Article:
The FTC alleged that these physicians had not engaged in adequate efficiency-enhancing integration so as to justify collective fee negotiation. However, the FTC complaint suggests that the physician network did not purport to exclusively represent the physicians in the network in connection with fee negotiations. Rather, the Alliance was formed to administer contracts on behalf of the physicians through the “messenger model” framework, long blessed by the antitrust regulators as a permissible joint activity by healthcare providers not sufficiently integrated to engage in collective price negotiations. The member physicians were free to continue to sell their medical services individually on a fee-for-service basis, outside of the Alliance, both to individuals and through payer contracts. Acting as messenger, the Alliance received offers from payers and conveyed those offers to the physician members, each of whom made a unilateral and independent decision to accept or reject the offer.

In addition to its pure messenger function, the Alliance also had constructed a “reverse messenger model.”  Through this mechanism, the Alliance formulated its own fee schedule, to which all of its physicians were prepared to commit. The Alliance made this fee schedule available to any payor that might choose to contract on that basis.

The allegations by the FTC and the Attorney General of Texas focused on how the Alliance managed the messenger model and reverse messenger model mechanisms during a period beginning in 2000. According to the complaints, the Alliance drifted from its pure messenger model roots to a mechanism that effectively constituted collective price negotiations.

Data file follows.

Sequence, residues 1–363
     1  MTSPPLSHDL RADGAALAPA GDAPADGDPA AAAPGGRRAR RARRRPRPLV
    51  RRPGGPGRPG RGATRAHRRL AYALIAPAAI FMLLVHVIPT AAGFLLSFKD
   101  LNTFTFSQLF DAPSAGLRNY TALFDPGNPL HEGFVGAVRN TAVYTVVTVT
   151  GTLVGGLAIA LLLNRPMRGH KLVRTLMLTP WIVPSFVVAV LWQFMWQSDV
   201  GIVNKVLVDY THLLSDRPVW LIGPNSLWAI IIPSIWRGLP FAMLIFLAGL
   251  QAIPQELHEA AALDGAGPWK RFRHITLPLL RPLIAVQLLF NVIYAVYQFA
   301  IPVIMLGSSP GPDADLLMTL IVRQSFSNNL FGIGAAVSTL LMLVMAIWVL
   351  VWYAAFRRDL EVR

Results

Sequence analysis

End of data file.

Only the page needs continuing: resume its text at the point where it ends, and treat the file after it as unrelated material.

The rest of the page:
This successful enforcement proceeding reveals the importance of antitrust planning and vigilance for physicians seeking to form effective networks. The need for effective antitrust advice becomes acute in light of the Affordable Care Act’s incentives to induce physicians to join networks. The Southwest Alliance appears to be an example of a network started with good intentions that drifted over the line as time passed from acceptable messenger model arrangements to price fixing.

Patricia A. Sullivan is a partner at Edwards Angell Palmer & Dodge LLP, where she cochairs the firm's Antitrust Practice Group. Educated at Georgetown University Law Center, her antitrust practice focuses on the healthcare industry, particularly representation of hospitals and physician groups.

Leslie J. Levinson is a partner at Edwards Angell Palmer & Dodge LLP and chairs the firm’s Health Care Practice Group. He received his J.D. from Case Western Reserve University School of Law and concentrates his practice on business transactions for clients within the healthcare and communications industries. He provides representation on acquisitions and dispositions, public and private equity and debt offerings, securities compliance matters, restructurings and reorganizations as well as counseling on many other types of business and financial transactions.